I've long been an advocate of sin bins. I use them now unofficially with my mini footballers.
an example of where a sin bin would be appropriate- a team breaks inside their own half they have a numerical advantage, attackers over defenders, a player on the now defending team stops the move developing with a deliberate foul. Currently its always a yellow card as its a long way from goal and the attack hasn't fully developed, but a clear advantage existed to the counter attacking team. imho a yellow card isn't sufficient, it provides no redress to the fouled team, but a red card would be harsh. The defending player is always happy to commit the foul and get carded "taking one for the team".
If it meant 10 minutes in the bin, I think it would be very different. There are many other scenarios where a sin bin would be an effective deterrent, time wasting and simulation as examples.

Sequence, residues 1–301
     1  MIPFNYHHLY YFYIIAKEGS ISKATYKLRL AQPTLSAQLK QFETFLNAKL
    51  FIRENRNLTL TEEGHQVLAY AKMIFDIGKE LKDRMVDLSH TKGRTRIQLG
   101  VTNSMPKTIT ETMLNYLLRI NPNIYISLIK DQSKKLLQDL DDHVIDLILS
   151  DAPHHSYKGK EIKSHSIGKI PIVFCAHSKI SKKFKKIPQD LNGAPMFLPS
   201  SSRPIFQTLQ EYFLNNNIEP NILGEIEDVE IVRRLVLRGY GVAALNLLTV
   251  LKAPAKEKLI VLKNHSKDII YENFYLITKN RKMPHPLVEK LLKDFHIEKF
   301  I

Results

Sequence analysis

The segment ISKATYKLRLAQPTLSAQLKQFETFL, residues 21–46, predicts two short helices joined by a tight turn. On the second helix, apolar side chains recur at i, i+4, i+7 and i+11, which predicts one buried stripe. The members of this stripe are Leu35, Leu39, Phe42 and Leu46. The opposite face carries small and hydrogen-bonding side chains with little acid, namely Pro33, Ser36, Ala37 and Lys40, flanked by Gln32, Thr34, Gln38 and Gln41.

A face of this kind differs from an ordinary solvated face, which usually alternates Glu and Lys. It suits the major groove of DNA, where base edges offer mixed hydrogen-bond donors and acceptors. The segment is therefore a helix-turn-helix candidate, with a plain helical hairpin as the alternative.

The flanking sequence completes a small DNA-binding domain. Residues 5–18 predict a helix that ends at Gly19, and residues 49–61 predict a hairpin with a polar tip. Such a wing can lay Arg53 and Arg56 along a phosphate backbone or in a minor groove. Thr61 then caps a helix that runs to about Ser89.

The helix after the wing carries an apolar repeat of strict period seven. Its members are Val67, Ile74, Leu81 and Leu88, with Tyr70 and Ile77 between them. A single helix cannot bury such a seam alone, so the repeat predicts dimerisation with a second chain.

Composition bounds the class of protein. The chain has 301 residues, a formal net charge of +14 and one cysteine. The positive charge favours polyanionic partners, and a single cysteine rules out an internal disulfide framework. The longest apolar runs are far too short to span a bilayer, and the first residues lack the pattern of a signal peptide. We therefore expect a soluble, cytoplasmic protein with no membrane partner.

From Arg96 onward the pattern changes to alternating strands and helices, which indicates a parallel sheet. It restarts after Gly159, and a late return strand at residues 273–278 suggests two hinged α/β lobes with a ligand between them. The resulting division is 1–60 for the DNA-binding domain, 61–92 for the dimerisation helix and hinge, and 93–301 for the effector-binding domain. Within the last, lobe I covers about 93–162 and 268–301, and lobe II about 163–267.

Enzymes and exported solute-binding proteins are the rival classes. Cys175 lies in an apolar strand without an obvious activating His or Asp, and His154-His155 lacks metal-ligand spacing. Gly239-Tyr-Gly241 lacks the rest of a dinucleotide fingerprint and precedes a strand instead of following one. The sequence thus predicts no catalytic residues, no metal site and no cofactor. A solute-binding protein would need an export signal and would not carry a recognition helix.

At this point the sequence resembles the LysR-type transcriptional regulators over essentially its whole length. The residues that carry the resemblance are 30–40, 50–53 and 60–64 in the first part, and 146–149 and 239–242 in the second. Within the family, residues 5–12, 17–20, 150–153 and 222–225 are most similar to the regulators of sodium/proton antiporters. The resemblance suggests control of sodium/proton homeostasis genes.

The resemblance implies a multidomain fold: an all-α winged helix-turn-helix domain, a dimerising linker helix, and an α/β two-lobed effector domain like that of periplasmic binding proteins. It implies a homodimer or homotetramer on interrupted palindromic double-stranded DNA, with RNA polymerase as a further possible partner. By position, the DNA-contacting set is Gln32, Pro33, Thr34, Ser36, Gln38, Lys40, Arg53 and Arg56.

a talented kid I coach at grass roots under 10s is in his local ADC, one step down from full academy.
Wednesday he trains grassroots, Friday he trains ADC, Saturday plays grassroots and Sunday occasionally plays rugby at grass roots level. he's a decent rugby player, he can already place kick and drop kick over adults posts from the 22.
The amount he can play rugby is limited because the ADC sometimes arrange matches for Sunday including full academy trials. It seems obvious to me that these take precedence over grass roots rugby. However his grass roots rugby club take a different view and say unless he commits to most Sundays they wont play him and suggest he gives up rugby. eg he can play rugby this Sunday in a tournament but they've told him not to come.
If he was in the full academy he would not be allowed to play grass roots anything.
As a grass roots football coach I can sort of understand them needing commitment from kids, but equally if a 9 year old turns up with a pair of boots for a grass roots game of rugby on a Sunday I think he should be allowed to play.